One roundtable participant noted that over the past seven years, his company had been working closely with its service provider in the runup to a cloud migration: “we do due diligence on them and we do a lot of planning,” he said, “and by sharing the plans in a very concise manner with the providers, we monitor and supervise its execution.”

“We are increasingly looking at how service providers are complying, and that works well for us as well.”

Ongoing conversations with developers were crucial to ensure that DevOps architectures are able to accommodate cloud-native technologies, such as containers, especially as their use increases.

“It’s very important to have these constant conversations with the developer community,” said one participant who noted that “a lot of security implementations need to be done by developers themselves now.”

That realisation had forced the company, which has made an extensive transition to cloud-native operations, to “inculcate those values and awareness into the developers,” he said.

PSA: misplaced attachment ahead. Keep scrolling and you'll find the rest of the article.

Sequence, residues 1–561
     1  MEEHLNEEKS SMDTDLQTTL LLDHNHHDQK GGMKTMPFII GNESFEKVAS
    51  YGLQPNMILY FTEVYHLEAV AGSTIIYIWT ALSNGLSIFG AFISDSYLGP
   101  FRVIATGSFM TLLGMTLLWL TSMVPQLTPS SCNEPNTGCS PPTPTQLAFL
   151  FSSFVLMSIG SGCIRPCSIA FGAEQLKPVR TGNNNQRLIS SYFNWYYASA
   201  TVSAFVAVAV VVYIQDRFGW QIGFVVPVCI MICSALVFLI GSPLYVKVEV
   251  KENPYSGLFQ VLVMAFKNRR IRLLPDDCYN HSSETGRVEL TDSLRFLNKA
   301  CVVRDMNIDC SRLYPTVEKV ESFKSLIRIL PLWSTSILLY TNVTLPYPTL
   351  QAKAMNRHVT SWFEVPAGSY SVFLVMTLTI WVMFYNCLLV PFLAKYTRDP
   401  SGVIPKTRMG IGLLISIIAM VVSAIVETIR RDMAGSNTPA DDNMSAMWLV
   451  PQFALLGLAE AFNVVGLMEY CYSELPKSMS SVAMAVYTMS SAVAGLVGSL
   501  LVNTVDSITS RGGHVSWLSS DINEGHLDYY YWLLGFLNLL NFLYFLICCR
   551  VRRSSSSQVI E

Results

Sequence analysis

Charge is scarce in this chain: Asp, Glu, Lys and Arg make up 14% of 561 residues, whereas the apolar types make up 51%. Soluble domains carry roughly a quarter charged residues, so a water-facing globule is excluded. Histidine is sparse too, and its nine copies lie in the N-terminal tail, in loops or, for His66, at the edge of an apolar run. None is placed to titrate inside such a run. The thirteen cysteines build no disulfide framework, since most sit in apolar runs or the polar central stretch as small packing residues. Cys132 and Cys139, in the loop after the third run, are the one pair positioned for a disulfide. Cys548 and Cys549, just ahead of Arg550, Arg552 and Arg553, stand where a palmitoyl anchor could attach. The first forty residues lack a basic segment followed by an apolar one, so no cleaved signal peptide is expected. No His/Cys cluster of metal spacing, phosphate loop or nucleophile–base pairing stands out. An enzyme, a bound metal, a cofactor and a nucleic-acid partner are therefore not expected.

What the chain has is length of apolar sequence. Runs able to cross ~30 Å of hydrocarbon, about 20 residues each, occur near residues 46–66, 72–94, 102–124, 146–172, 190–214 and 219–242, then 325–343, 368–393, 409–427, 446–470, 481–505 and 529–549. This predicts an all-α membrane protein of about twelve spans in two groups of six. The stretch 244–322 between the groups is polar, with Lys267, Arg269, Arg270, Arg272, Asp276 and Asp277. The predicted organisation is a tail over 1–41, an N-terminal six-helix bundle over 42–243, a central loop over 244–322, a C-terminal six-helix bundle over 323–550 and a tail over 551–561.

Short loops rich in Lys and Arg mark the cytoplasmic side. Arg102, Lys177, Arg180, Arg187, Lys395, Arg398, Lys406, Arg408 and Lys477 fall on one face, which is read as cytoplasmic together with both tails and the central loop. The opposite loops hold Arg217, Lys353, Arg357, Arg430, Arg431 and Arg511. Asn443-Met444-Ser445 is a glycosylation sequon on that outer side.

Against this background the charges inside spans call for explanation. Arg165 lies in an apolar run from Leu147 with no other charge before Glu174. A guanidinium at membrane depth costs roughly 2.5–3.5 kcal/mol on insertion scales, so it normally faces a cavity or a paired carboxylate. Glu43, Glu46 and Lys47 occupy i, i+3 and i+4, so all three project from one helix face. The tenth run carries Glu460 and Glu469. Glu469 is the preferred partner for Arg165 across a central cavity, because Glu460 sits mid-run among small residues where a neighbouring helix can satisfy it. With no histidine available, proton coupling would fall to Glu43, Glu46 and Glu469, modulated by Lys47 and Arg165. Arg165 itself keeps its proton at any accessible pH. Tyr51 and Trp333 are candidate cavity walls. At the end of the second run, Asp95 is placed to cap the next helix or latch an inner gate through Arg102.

“We needed to go on that journey to inculcate that with them. But beyond the developers, from whatever you were doing on-premise and in the cloud, the security principles don’t change that much; it’s how you implement them that changes.”

Complexity and velocity

Maintaining security in a container-based environment requires attention to two key issues – complexity and velocity – noted Vincent Caldeira, chief technologist for FSI with Red Hat.

“The moment you start to look at the complexity of a modern cloud-native application you are looking at service-level security,” he said. “It, and the controls around it, can be extremely granular and difficult to understand.”

Velocity manifests as a challenge, particularly in relation to information security challenges and compliance practices. “They change,” Caldeira said, “because you are not doing an application change every 6 months as banks used to do – but now you are doing one every two weeks.”